The dissent of Darwin
David Bourget (Western Ontario)
David Chalmers (ANU, NYU)
Rafael De Clercq
Ezio Di Nucci
Jack Alan Reynolds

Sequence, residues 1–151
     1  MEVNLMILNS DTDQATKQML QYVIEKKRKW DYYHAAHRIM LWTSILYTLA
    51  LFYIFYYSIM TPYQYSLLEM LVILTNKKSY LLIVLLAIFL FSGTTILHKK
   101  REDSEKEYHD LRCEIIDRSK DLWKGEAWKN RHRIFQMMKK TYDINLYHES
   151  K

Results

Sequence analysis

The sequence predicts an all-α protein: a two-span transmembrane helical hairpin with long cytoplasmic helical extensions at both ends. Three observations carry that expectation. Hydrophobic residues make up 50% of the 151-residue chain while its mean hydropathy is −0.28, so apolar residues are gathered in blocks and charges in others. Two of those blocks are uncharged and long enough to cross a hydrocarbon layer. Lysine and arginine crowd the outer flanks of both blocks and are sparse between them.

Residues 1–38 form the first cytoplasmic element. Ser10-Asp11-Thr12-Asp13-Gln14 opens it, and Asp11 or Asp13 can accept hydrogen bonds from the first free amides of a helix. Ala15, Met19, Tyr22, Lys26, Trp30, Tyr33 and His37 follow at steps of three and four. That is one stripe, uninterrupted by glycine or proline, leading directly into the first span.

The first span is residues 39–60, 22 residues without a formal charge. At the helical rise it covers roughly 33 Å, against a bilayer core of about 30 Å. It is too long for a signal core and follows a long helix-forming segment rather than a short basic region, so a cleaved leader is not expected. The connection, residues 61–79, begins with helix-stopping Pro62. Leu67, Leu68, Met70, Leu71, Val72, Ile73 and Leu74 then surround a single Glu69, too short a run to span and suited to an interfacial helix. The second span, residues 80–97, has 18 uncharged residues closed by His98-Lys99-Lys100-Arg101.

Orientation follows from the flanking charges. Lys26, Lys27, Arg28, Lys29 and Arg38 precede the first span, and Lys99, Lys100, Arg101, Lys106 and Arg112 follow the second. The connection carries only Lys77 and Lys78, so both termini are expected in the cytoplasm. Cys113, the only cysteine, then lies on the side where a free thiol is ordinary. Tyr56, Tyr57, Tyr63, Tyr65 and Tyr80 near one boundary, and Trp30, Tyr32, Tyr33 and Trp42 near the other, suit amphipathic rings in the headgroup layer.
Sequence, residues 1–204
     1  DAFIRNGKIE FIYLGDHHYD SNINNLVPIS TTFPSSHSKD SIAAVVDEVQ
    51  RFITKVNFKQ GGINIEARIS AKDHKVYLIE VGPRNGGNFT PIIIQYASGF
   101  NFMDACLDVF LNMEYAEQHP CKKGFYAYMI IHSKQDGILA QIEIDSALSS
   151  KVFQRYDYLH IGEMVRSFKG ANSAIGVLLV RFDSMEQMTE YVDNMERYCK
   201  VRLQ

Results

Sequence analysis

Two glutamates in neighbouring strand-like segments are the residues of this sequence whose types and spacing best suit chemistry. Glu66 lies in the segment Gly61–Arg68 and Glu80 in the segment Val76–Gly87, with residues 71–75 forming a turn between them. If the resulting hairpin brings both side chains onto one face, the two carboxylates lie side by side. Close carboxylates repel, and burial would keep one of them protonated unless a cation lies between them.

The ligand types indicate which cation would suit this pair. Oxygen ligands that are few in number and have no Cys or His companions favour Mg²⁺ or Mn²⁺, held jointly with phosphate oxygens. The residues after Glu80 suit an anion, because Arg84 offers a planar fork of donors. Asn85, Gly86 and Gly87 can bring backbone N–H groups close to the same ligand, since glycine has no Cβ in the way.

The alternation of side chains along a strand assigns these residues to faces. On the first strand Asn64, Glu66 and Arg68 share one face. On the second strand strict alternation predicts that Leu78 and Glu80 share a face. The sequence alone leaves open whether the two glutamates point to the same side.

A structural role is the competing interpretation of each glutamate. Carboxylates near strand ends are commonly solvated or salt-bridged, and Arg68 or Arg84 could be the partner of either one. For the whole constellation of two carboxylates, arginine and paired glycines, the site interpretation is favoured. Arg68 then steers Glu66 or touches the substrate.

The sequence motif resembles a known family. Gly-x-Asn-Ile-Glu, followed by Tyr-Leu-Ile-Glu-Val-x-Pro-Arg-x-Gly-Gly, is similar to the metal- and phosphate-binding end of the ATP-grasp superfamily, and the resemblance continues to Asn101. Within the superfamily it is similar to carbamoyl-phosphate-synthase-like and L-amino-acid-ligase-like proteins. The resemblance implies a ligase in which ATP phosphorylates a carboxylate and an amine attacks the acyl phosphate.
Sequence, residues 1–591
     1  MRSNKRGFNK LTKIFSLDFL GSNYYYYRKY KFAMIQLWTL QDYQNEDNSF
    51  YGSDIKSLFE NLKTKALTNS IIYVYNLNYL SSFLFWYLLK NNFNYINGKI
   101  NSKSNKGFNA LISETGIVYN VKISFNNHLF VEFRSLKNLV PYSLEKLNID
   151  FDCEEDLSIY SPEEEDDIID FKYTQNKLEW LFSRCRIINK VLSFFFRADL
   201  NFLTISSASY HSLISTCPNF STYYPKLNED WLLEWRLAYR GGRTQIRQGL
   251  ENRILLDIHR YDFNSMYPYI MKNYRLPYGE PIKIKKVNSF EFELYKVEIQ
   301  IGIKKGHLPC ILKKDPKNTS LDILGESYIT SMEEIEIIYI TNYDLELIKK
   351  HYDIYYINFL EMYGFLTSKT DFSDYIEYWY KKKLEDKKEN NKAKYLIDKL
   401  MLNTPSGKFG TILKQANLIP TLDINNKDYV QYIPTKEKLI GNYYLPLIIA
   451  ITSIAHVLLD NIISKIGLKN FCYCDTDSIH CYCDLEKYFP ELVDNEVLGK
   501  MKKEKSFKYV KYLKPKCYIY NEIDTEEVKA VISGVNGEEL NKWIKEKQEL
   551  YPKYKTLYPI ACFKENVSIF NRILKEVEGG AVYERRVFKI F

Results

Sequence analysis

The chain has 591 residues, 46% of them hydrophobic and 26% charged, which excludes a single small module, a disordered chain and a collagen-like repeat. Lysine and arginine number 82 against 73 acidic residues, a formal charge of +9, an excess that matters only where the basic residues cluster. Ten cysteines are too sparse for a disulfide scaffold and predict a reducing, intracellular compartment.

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When zoologist Richard Dawkins' The Selfish Gene was published 20 years ago, it practically snuffed out many readers' belief in God and in their own importance, for it described in stunning and terrifying detail a world where all life was merely the conveyor belt for the gene. Its mission: to replicate itself. DNA was the fundamental and irreducible unit of life that spun itself endlessly into the incredible diversity of flora and fauna. Everything we hold most dear--acts of love, altruism, the painterly beauty of the peacock's tail, the birth of a newborn--could, according to Dawkins, be explained by the gene's attempt to survive, and to hitch a ride on the fittest organism possible, the one most likely to mate and reproduce. Darwinian natural selection was Dawkins' ruling theme. The gene looked like the most purely selfish entity one could imagine, but it was more like the Terminator--just programmed to survive.
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